The source of Michigan's offensive struggles is twofold. First, as I discussed before Michigan traveled to Tucson, the Wolverines' shot selection has been troubling during this tough stretch. They still cannot find easy looks around the rim, instead settling for contested jumpers, which I believe stems from the jarring ineffectiveness of Michigan's pick-and-roll game. Though it seemed Michigan tried to attack the rim a bit more on Saturday, the truth is that 36 of Michigan's 54 field-goal attempts were three-pointers against SMU. That is two-thirds of Michigan's shots. Generally, that is way too many, but it can be acceptable as long as a team is making a decent percentage of those threes.
But that's the second problem: Michigan is ice cold from downtown. In their first eight games, the Wolverines made 75-of-176 three-pointers for an exceptional rate of 42.6 percent. Yet, in their past three games, they drained only 19-of-83 for a horrid rate of 22.9 percent. While this percentage cannot be viewed in a vacuum because many three-pointers have been contested and out of the flow of Michigan's offense, the Wolverines have also missed too many wide-open looks from the corner and above the break. And it's not as if this team cannot make three-pointers. We saw last year that this team has multiple deep threats. But this is a team-wide shooting slump that's killing Michigan.
4. At least Mark Donnal showed some life.
It was supposed to be Ricky Doyle's shining moment, making his first collegiate start, but it was Mark Donnal, who had been demoted to the bench to make way for Doyle, who provided a spark for Michigan. While Doyle struggled, especially with his defensive positioning, allowing SMU's bigs to finish around him rather than over him too often, Donnal had his best game of the season. He finished with a career-high 13 points on 4-of-6 shooting and four rebounds in just 14 minutes. Though there were still times when Donnal looked lost on offense -- his screens at the top of the key leave a lot to be desired -- he was more decisive with the ball in his hands than we had seen previously. He didn't hesitate to fire when he had open shots and looked confident in his jumper, even hitting two triples. Maybe being relegated to the bench was the motivating tool he needed.
5. Time to acknowledge Michigan's injuries.
I know Michigan State fans will give me flak for this after I repeatedly ridiculed Tom Izzo for his constant whining about injuries and playing "weird guys" last season, but it's time to acknowledge Michigan's injuries may be playing a serious role in this downturn in performance the past two weeks. Though we aren't handed an official injury report before each game, it's evident that Caris LeVert, Spike Albrecht, and Walton have nagging ailments. LeVert had his shooting hand bandaged on Saturday, and it may be a big reason why he's scored only 22 points on 7-of-29 shooting (24.1 pct.) in his three games since his 32-point outburst against NJIT. Albrecht is dealing with an undisclosed significant injury that has limited him to just five points on 2-of-10 shooting and seven turnovers in his past three games. And Walton was noticeably limping throughout Saturday's game, which may be why he's made only three of his last 15 three-pointers.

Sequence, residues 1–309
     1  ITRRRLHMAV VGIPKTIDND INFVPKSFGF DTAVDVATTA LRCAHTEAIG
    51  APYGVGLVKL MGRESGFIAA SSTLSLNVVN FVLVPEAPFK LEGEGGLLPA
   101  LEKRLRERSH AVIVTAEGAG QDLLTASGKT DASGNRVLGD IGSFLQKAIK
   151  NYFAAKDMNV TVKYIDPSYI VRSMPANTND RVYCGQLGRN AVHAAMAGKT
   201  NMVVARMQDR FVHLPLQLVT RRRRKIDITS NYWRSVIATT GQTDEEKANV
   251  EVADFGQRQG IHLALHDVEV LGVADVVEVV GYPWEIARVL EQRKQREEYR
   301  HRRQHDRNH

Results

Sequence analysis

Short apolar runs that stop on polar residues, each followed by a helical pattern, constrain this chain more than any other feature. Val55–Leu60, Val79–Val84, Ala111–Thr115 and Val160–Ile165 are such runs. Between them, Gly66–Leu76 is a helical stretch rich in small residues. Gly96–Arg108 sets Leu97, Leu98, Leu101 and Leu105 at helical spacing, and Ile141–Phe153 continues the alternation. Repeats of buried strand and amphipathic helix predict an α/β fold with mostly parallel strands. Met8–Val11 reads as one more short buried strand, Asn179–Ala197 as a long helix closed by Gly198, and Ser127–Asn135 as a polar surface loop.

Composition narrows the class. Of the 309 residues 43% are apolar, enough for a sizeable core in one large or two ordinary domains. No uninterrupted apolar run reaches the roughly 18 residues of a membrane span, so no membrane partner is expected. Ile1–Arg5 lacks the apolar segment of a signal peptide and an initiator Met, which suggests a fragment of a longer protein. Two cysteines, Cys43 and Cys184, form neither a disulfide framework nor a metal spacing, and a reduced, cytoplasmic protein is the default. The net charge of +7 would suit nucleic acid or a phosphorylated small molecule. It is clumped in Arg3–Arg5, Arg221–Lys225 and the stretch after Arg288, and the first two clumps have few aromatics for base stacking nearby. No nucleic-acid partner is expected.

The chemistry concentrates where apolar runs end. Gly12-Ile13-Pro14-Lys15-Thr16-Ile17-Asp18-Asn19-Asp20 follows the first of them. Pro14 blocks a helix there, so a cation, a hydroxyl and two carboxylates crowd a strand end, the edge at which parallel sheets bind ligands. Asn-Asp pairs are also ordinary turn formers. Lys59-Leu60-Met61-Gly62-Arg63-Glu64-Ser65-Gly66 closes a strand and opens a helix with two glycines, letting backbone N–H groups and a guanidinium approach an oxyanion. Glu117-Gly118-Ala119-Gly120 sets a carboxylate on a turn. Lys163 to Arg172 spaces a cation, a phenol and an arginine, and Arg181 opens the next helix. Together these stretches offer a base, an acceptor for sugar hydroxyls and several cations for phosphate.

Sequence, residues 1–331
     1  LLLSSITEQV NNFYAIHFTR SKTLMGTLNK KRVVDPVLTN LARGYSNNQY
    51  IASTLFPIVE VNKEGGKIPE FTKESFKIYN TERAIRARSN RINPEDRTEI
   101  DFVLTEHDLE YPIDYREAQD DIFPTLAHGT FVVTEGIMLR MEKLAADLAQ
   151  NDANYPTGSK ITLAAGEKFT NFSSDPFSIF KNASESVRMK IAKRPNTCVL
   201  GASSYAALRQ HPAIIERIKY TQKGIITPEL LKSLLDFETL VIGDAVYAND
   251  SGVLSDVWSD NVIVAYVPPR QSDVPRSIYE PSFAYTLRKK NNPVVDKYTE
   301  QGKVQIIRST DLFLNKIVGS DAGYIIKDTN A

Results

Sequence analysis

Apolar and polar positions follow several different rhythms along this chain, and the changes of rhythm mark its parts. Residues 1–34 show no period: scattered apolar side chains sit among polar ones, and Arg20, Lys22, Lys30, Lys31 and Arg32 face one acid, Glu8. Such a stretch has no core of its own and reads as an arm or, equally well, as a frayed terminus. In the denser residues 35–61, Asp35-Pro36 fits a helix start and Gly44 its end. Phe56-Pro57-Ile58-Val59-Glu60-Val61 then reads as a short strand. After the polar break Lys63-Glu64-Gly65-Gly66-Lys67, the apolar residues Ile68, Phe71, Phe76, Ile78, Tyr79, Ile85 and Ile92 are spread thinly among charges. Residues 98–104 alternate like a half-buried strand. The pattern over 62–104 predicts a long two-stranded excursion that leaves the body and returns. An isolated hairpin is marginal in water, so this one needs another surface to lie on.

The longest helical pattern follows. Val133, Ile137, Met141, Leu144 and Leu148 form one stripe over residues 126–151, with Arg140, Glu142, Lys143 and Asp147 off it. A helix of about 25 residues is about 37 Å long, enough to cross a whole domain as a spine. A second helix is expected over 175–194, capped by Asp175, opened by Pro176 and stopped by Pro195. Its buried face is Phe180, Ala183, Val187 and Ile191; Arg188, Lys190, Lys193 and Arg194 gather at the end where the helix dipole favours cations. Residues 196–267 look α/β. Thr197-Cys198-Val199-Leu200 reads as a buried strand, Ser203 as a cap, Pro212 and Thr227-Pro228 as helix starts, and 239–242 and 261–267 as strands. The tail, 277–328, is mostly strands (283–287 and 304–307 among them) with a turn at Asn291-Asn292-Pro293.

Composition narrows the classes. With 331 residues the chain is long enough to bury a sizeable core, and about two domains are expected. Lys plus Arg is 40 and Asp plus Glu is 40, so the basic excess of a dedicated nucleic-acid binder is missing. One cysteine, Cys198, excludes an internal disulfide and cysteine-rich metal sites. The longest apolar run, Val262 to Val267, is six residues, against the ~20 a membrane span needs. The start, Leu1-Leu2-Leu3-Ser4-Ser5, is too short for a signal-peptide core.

Every team must work through the bumps and bruises they'll endure during the long season, but injuries likely have a larger toll on Michigan than most. Why? Michigan doesn't have the experience or the bench to mitigate the harm. They're one of the youngest teams in the nation with seven freshmen and only three upperclassmen, but those freshmen, especially Kameron Chatman, have yet to find their stride. Thus, Beilein has been relying on his starters to carry the load -- Michigan is 38th out of 351 D-I teams in the percentage of minutes given to the starters. But, if those starters, including Albrecht who plays starter minutes, aren't healthy, Michigan will suffer accordingly.
After tonight's game against Coppin State, Michigan will have seven days off until it opens the Big Ten season against Illinois on December 30th. It is imperative that Michigan uses this time to heal and rest because, if Michigan has any shot to make a run at an NCAA Tournament invite, it will need LeVert, Albrecht, and Walton at full go.